The leap from player to manager is difficult. Talents which maintained your career on the field, like technique, fitness and an ability to follow team instructions, mean nothing. Instead, you are required to support, develop and discipline players who work in a constant state of flux. You need to understand and work within budgets, and you know that a few bad results will see grown men yell obscenities at you to compensate for whatever inadequacy they have (they are always there).
So why wouldn’t Scott Brown want to manage Ayr United? Setting all the negatives aside, Scott needs to do something to get him through the days, months and years ahead. Being retired and wealthy in your thirties must be great, but what gets you out of bed and going in the morning? The novelty of hair care will soon fade.
His one full season in charge of Fleetwood Town ended with a respectable midtable finish, but the current campaign started disastrously and Scott was hooked six games in. Things did not improve for Fleetwood who are bottom of League One without a win in 13 games.
Ayr are a different challenge. A win over bottom side Arbroath last night, with Scott watching from the stand, saw them move out of the relegation play-off place. Next up they have the monied Queens Park, who now occupy that play-off spot. Their campaign could pivot before Scott has time to learn all the player’s names.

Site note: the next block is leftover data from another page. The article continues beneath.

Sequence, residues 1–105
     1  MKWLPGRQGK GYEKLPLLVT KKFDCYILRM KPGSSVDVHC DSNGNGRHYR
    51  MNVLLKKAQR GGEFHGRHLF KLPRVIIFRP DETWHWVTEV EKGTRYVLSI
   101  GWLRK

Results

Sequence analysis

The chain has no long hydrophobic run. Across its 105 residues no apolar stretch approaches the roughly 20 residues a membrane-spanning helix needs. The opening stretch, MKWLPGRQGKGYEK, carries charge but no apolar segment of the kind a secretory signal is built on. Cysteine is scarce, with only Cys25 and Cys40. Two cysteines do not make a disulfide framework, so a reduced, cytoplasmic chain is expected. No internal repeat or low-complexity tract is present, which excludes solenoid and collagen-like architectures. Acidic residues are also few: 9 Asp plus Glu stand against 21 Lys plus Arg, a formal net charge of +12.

For Celtic, it would be helpful to foster good relations with another Scottish club. Our fringe players benefit from loans in the hands of a manager who knows our systems and where they can be watched every game by a Celtic coach. Hopefully we’ll see a couple make the journey before the month is out.
We’ll discuss Matt O’Riley tomorrow. Celtic’s face is set to stone to any club asking about him. It will be a nervy few days, nonetheless.